— "The Good, The Bad and The Ugly" (Italy/Spain/Germany 1966), April 28-May 1. Ambitious, unflinchingly graphic and stylistically influential, Sergio Leone's masterpiece is an engrossing Western shot through with a volatile mix of myth and realism. Clint Eastwood returns as the Man With No Name, teaming with two gunslingers (Eli Wallach and Lee Van Cleef) to pursue a cache of stolen Confederate gold.

— "The Secret in Their Eyes" (Argentina/Spain 2009), May 5-8. This Best Foreign Film Oscar-winner is a blend of love story, police procedural crime thriller and legal drama. A recently retired criminal court investigator (Ricardo Darin) decides to write a novel based on a 25-year-old unsolved murder case that haunts him. He shares his plans with Irene (Soledad Villamil), the judge and a former colleague he has secretly loved for years. His search for the truth puts him at the center of a judicial nightmare, as the mystery of the heinous crime continues to unfold in the present.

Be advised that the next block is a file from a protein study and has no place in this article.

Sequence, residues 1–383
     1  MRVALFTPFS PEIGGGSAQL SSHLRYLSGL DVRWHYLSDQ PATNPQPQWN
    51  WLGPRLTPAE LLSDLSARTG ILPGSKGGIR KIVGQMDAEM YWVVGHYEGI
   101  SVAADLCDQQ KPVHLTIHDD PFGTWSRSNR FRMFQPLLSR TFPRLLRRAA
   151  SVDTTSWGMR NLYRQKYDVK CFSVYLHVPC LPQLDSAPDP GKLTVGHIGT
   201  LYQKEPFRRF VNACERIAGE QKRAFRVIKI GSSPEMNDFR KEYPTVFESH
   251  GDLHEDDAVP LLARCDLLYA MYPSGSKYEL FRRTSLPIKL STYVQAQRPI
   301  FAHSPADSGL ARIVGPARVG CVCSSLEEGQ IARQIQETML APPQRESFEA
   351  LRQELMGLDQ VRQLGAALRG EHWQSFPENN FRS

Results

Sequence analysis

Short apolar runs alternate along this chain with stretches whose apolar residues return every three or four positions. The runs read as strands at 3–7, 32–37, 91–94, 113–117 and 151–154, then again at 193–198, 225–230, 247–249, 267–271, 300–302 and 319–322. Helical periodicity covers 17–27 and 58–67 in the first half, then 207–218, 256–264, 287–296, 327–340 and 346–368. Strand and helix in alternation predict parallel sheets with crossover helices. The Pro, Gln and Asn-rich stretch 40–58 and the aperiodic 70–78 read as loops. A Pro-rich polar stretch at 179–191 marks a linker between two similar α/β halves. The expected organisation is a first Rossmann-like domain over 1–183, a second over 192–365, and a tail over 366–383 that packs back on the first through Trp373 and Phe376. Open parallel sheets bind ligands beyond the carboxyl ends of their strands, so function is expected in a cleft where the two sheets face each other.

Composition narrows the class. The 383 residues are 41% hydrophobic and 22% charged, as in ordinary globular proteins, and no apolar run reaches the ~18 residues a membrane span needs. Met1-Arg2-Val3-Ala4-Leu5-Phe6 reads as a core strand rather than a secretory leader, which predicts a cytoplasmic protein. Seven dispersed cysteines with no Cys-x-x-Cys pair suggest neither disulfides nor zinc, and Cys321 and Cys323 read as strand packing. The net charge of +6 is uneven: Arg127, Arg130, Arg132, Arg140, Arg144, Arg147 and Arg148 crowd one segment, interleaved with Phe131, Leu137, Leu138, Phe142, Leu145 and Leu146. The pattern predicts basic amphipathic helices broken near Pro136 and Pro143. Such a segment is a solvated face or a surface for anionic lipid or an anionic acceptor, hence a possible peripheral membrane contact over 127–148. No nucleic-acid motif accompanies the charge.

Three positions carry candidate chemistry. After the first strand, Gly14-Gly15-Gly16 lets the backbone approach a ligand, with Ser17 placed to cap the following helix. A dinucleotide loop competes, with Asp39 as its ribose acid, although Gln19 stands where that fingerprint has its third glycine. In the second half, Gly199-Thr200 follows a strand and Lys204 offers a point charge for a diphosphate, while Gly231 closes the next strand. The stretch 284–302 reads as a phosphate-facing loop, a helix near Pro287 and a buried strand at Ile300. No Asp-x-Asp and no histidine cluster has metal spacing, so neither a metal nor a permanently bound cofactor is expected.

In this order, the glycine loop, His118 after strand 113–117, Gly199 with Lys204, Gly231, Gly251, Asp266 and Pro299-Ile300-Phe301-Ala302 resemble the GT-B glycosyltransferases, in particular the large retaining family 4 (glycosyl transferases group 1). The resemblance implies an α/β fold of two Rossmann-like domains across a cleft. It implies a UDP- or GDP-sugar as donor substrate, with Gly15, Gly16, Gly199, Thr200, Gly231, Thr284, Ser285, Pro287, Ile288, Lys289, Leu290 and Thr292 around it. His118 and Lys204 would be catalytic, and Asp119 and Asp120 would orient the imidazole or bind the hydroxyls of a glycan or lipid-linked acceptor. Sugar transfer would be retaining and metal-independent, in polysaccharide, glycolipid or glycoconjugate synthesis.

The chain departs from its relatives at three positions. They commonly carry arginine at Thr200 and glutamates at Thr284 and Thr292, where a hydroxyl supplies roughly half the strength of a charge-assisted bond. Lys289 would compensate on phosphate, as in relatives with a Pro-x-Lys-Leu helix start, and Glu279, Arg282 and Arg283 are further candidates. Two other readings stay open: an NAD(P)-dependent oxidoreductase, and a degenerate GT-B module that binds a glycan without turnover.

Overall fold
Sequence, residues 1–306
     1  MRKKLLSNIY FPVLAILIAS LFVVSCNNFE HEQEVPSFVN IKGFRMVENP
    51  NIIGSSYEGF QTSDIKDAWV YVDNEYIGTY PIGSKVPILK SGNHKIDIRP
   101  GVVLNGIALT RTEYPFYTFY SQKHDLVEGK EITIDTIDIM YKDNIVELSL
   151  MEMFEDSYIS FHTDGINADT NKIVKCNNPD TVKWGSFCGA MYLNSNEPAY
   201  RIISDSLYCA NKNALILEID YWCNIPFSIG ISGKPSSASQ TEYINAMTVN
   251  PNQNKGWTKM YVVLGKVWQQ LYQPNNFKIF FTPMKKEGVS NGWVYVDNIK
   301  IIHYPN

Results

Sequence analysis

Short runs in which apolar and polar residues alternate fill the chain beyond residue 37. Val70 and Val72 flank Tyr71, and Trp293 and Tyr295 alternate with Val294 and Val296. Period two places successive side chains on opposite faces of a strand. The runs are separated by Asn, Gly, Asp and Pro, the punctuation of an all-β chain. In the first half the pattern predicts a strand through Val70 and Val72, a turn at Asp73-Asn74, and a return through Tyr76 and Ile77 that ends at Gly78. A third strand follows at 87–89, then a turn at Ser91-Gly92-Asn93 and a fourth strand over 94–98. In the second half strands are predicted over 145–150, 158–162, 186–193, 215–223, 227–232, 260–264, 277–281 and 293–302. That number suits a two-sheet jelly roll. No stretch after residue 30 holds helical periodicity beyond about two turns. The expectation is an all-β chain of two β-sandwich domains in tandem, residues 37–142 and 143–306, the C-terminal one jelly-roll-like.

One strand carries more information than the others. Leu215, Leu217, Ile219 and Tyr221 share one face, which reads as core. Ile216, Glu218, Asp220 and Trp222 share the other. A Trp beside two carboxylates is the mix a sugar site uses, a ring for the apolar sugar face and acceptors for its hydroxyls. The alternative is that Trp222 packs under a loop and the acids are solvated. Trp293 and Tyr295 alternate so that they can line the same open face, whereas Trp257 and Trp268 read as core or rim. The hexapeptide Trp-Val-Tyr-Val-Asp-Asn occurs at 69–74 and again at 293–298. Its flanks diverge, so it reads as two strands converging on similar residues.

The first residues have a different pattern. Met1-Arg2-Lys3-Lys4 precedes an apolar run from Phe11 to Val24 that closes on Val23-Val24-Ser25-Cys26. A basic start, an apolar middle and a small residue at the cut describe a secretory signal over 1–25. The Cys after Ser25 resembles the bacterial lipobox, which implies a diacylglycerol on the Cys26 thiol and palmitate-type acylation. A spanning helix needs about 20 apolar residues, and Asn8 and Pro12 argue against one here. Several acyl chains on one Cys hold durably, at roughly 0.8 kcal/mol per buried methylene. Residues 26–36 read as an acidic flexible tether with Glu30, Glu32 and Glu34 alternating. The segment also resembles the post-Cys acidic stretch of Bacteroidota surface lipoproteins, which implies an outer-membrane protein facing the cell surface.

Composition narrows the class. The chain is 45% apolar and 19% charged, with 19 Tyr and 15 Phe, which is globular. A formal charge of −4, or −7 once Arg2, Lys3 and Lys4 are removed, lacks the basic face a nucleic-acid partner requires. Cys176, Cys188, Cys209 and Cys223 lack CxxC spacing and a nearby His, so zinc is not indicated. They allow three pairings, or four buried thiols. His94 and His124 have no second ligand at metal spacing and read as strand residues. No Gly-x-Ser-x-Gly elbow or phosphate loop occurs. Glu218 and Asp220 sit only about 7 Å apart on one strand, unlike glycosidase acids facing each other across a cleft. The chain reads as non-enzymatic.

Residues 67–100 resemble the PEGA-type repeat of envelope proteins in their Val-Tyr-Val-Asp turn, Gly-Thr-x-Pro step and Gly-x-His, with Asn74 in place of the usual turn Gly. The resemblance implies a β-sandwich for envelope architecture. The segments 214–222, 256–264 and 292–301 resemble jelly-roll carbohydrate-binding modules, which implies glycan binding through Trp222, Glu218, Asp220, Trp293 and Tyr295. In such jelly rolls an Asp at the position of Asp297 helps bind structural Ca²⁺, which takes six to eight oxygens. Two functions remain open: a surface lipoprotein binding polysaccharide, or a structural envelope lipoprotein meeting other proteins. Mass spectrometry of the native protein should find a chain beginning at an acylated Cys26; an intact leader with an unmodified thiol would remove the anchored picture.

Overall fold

— "Top Secret!" (U.S. 1984), May 12-15. In his film debut, Val Kilmer plays an Elvis-like American rock idol sent behind the Iron Curtain on a goodwill tour. He becomes involved in a complex espionage scheme thanks to the beautiful daughter of a scientist held captive by the Communists. From the creators of "Airplane!"

Complete schedule information is available through the Activities and Programs office (715-836-4833) or online.

Most films screen at 6 and 8:30 p.m. in Davies Theatre, a 250-seat theater in Davies Center on UW-Eau Claire's lower campus. Campus films are selected and presented by the all-student University Activities Commission of the UW-Eau Claire Student Senate; and the International Film Society, an administrative committee composed of students, faculty, staff and community members. For more than 50 years the film program has represented various countries, cinematic styles, directorial methods, genres and points of view in films that help bring about a better understanding of other cultures as well as a lifelong love of film. The committees are advised by the University Centers Activities and Programs office.

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JS/DW